Ex-Foundation member bitter

Southwest Times Record
By Linda Seubold

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David Kroopf watched with contempt as Tony Alamo walked away from the Washing ton County jail in Fayetteville Tuesday afternoon.

“When I saw him walk out of there free, it made me sick,” Kroopf said. “All I could think was — there’s the man who has destroyed my life and taken my wife and daughter from me. Now he’s got my daughter sit ting on his knee and has kept me from her for three years without even a letter or a phone call. What a scum.”

Kroopf’s ex-wife, Sharon, is Mrs. Tony Alamo.

The Kroopfs were married Dec. 27, 1980. They divorced Dec. 2, 1988 in Crawford County, after living in Alamo Foundation housing in Dyer about two years, Kroopf said. The couple had one child, Rebecca, born Oct. 29, 1981.

Kroopf said his wife’s affections were alienated by Alamo. Sharon Kroopf married Alamo in 1989.

According to court records of the divorce, Kroopf is to be allowed to visit his daughter every other weekend and holiday, during Christmas vacation, and six weeks each summer.

Kroopf said he has been “down on his luck” since the divorce and doesn’t expect to get custody of his daughter, but that his visitation rights should be honored.

“After the divorce decree they’ve let me see Becky just once, in Saugus, Calif., in a Denny’s Restaurant for about 10 minutes, with a foundation worker,” Kroopf said. “The last day I spent with her before the divorce, we ate Chinese food and saw Walt Disney’s ‘Snow White and the Seven Dwarfs.’ Sharon called it evil and non-scriptural and an unsuitable movie for Becky.”

Kroopf claims his ex-wife and Alamo are keeping his daughter “in captivity, out of public school and away from contact with outsiders,” and that the girl has been beaten by his ex-wife and foundation members. He said Tuesday he has volunteered to testify as a witness for the prosecution in the California child abuse case pending against Alamo.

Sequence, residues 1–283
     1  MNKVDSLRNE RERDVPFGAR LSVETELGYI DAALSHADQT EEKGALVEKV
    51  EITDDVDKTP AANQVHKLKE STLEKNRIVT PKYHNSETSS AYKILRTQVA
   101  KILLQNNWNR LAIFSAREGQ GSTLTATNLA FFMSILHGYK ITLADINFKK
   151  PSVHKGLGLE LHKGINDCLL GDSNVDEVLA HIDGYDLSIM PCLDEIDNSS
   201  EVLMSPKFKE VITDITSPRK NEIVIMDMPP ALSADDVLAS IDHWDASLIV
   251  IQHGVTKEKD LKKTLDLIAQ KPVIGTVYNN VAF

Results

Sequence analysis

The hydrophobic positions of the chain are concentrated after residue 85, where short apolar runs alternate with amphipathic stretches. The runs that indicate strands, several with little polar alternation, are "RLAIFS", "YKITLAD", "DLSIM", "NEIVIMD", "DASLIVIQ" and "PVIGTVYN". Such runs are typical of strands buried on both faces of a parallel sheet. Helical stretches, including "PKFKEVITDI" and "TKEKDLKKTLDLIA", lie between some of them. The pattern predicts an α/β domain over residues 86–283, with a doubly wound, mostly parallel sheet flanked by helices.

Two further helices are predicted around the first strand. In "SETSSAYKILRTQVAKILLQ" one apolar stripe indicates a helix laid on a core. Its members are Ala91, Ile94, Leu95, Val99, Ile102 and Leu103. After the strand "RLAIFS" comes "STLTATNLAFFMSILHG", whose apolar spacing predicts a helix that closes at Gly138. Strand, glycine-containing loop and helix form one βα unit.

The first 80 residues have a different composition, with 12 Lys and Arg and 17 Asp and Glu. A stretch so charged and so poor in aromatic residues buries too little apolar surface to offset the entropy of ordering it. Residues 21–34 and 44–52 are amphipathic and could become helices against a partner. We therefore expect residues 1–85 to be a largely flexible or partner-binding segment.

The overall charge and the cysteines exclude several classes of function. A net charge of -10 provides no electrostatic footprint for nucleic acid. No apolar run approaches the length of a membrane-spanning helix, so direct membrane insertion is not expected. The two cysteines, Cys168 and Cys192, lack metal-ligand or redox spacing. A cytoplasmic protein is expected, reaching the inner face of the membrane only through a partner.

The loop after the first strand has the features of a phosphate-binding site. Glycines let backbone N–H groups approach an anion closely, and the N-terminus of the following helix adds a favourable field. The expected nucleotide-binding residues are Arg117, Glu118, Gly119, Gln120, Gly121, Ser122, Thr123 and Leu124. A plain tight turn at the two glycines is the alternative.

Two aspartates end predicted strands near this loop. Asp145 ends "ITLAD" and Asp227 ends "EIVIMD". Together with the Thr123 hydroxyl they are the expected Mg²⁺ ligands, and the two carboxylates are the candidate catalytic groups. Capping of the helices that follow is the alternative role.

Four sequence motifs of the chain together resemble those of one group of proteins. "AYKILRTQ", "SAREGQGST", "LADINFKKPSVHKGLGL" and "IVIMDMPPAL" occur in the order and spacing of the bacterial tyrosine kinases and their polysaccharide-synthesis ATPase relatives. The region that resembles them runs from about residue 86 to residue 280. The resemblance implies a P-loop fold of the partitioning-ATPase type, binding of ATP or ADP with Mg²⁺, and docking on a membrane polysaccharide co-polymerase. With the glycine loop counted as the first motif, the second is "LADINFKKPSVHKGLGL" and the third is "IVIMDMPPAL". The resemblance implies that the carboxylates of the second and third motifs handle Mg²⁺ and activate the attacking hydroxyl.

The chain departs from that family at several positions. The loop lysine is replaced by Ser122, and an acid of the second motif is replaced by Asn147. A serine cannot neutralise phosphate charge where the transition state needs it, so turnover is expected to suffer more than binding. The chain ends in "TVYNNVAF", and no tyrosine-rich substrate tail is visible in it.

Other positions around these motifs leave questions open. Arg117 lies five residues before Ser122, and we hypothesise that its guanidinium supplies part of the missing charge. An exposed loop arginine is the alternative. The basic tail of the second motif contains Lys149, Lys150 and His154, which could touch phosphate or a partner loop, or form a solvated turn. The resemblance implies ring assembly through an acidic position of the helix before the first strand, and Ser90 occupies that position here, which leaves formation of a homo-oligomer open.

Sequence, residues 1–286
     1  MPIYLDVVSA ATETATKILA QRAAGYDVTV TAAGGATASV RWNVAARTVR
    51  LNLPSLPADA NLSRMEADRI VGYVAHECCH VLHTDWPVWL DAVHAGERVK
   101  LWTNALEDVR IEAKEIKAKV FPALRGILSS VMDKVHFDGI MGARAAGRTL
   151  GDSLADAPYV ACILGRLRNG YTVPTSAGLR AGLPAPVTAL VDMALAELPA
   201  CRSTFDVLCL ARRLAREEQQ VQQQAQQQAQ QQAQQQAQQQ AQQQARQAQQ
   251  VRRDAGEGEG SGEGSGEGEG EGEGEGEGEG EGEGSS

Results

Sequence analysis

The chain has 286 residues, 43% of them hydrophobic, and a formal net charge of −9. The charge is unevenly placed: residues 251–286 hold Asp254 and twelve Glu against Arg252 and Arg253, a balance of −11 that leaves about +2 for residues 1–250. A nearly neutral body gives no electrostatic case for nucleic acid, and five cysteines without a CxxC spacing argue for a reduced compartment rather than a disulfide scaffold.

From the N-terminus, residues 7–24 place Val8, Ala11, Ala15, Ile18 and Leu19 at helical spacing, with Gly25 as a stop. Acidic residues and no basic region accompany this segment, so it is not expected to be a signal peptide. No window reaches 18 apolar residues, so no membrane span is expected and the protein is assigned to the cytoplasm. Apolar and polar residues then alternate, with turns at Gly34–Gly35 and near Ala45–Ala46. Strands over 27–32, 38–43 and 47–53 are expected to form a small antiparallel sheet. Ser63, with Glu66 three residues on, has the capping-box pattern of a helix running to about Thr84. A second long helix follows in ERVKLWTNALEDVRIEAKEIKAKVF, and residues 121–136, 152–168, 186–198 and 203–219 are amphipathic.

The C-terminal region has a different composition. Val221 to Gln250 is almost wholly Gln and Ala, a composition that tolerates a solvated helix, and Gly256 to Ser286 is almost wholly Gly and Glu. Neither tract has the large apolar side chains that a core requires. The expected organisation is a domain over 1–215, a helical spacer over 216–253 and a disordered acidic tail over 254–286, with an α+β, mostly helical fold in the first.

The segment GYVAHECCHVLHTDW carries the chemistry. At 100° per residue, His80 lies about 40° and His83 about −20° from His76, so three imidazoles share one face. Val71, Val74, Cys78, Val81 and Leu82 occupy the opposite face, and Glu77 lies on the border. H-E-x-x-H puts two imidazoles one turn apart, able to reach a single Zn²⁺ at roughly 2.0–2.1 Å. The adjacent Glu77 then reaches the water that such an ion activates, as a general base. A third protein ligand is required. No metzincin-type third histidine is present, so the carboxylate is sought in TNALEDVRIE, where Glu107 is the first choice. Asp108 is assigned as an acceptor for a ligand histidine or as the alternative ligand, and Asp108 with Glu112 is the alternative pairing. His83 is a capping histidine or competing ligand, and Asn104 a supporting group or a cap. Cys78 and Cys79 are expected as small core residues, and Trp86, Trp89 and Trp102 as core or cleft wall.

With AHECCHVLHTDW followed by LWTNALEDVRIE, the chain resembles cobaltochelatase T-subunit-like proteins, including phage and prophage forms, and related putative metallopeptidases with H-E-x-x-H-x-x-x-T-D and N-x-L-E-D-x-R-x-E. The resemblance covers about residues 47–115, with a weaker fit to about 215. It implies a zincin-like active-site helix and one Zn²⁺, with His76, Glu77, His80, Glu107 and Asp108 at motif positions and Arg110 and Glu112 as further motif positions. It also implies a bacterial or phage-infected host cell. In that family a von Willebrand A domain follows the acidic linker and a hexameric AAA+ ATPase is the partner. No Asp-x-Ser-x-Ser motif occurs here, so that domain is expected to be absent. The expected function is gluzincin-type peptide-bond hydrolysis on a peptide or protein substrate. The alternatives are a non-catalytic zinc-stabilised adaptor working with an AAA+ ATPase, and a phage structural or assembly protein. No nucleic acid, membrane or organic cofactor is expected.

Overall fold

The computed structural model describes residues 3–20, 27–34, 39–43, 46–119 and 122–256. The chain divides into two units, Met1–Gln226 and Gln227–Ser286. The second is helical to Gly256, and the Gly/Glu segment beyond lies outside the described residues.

“If I had the money to fight this in court, I would,” Kroopf said. “But Tony broke me. Everyone in the foundation knew I was successful and wealthy before I moved in there.”

Kroopf, a native of Los Angeles, said he first came into contact with Alamo’s Tony and Susan Alamo Christian Foundation in Los Angeles, where Kroopf said he liked attending church services led by Tony and Susan Alamo.

In 1988, at his wife’s insistence, Kroopf says, he moved his family from Texarkana, where he was ready to open a jewelry store, to a two-bedroom foundation-owned house in Dyer.

“It was the biggest mistake I ever made,” he says now. “I lasted there about a year and three months before they kicked me out and confiscated all my jewelry and everything.”

Kroopf said he was accused of taking money from the foundation but that he had withheld nothing from Alamo. Kroopf claims that taking someone into the foundation, getting all their worldly goods, then accusing them of stealing or some other “trumped up charge” and then evicting them, owning nothing, is a “common tactic of Alamo’s.”

In: Eye Witness & First Hand Accounts of Abuse

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